It occurred to me that all the Buddha Machine Variations so far have neglected one particular thing: What a single loop on a single Buddha Machine might sound like all on its own.
To address that situation, this video originated with a completed patch. I then noted the approximate relative volumes of the five channels of audio in the mixer. I then set all five channels to silent, null, void. Then I started the video with no sound at all, turned up the Buddha Machine (not yet plugged into the synthesizer), plugged it in, and proceeded, a step at a time, to introduce the four subsequent channels of audio.
To break it down: The first channel is the sound of the Buddha Machine (second generation) loop, unadulterated. The second and third channels are individual spectral bands extracted from that initial loop, and then each delayed a bit, so there’s a sense of repetition, even veering toward reflection. The fourth channel takes two other spectral bands from the source loop and puts them through a comparative process, so that only the higher pitch of them at any given moment is heard. And the fifth channel is the highest bracket of those spectral bands (the soprano among sopranos) put through granular synthesis (the input gain is set purposefully high).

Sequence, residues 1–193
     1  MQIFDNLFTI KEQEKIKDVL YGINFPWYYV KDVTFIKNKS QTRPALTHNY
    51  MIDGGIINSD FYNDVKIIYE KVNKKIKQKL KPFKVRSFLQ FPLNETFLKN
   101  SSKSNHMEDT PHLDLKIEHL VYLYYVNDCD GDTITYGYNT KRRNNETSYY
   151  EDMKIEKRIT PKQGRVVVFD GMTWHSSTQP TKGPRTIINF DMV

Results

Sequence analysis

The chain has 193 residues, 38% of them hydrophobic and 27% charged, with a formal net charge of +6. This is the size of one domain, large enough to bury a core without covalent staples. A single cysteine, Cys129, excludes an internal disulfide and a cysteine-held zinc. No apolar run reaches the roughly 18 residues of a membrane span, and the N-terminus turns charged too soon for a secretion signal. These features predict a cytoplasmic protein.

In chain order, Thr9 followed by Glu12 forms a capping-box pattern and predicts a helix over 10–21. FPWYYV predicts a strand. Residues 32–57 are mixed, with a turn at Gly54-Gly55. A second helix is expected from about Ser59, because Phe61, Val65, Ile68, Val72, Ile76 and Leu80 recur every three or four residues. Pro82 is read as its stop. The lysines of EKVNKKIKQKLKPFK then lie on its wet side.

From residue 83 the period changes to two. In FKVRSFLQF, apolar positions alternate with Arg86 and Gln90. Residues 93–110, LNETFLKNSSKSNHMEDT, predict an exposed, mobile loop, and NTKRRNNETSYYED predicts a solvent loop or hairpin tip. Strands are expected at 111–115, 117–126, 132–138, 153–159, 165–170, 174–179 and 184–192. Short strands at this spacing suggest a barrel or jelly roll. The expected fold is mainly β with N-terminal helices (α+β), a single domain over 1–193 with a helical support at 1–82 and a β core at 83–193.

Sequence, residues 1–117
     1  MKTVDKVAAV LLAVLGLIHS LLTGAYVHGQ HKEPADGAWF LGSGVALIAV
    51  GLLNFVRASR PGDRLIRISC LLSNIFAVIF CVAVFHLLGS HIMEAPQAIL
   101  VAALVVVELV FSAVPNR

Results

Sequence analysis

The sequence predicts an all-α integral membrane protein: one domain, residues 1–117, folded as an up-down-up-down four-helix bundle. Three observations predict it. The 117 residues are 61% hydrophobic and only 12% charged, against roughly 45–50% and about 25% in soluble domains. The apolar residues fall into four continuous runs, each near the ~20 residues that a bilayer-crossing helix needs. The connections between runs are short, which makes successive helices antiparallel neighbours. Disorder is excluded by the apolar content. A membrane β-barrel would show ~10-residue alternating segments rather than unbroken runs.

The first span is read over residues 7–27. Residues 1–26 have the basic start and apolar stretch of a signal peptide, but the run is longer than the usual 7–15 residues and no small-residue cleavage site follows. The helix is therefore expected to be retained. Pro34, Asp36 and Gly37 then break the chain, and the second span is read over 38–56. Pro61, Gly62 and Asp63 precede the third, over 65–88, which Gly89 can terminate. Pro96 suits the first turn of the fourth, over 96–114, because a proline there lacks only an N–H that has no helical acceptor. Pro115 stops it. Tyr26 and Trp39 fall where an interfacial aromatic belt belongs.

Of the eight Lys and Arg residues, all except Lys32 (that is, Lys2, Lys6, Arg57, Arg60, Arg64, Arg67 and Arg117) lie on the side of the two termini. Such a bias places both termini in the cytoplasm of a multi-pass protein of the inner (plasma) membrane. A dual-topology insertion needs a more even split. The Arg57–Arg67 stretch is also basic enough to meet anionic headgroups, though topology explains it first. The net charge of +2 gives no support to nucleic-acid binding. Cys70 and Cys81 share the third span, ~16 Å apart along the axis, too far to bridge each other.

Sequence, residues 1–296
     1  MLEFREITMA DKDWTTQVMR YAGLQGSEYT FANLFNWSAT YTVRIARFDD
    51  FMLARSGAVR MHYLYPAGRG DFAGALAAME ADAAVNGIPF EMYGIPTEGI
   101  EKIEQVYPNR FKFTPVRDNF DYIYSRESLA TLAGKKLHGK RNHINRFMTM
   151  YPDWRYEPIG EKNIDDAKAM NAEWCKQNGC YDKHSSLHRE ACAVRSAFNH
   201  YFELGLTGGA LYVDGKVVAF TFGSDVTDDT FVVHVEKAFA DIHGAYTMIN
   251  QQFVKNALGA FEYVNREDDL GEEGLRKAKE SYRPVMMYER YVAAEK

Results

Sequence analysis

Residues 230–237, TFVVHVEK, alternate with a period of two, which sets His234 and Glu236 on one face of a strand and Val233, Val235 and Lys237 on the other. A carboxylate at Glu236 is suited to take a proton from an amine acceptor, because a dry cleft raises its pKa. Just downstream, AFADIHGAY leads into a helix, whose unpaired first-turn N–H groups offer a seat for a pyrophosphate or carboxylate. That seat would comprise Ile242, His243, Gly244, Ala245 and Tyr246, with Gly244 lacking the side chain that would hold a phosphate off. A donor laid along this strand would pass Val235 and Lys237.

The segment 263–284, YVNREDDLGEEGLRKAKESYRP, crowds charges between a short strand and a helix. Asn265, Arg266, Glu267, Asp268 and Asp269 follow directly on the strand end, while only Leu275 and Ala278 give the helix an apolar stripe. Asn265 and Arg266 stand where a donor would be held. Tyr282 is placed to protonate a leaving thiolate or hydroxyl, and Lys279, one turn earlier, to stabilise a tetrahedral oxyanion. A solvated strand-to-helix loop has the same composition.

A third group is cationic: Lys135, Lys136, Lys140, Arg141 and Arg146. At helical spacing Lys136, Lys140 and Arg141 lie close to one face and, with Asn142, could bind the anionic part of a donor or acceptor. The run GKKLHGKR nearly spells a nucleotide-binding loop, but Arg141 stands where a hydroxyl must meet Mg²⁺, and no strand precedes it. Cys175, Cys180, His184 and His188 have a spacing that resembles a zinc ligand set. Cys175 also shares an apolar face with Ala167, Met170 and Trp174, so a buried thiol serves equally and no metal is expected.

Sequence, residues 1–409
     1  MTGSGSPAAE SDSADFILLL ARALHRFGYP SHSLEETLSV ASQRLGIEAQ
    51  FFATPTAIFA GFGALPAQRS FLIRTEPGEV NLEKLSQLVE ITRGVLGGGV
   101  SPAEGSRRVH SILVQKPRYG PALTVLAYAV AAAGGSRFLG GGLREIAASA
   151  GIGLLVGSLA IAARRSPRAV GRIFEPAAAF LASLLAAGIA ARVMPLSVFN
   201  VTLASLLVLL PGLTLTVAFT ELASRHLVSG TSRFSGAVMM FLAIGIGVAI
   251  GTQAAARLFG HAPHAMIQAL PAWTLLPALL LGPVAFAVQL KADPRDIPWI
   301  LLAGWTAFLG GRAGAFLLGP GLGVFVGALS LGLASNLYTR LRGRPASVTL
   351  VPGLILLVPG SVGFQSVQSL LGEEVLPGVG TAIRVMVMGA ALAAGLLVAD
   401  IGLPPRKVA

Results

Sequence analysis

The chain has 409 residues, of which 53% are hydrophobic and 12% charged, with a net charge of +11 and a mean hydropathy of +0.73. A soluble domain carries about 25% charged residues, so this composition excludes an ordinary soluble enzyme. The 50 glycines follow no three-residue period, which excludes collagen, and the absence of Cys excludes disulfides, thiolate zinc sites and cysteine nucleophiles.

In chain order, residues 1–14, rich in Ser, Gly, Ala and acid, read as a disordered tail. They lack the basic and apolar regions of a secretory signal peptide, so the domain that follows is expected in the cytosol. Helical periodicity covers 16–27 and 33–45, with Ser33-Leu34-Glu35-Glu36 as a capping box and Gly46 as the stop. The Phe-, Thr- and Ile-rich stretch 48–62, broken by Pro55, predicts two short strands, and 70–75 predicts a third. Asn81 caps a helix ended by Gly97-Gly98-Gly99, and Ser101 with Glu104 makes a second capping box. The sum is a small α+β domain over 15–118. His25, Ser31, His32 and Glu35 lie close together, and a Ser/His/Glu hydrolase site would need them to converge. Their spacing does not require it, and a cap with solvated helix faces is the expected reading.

To break down the tool set: The Buddha Machine is introduced to the synthesizer via the Erica Synths Pico Input. The mixer is the the ADDAC802 VCA Quintet Mixer. The initial division of the inbound audio occurs in the Malekko Heavy Industry Performance Buffered Mult. The spectral bands are extracted via the out-of-print Make Noise FXDf. The delay occurs in the Orthogonal Devices ER-301 (standard Delay unit). The comparison in the fourth channel involves the Whimsical Raps Cold Mac (specifically the “AND” route). The granular synthesis occurs in the Antumbra Smog, a remix of the out-of-print Mutable Instruments Clouds. The output is a Befaco Output (V3).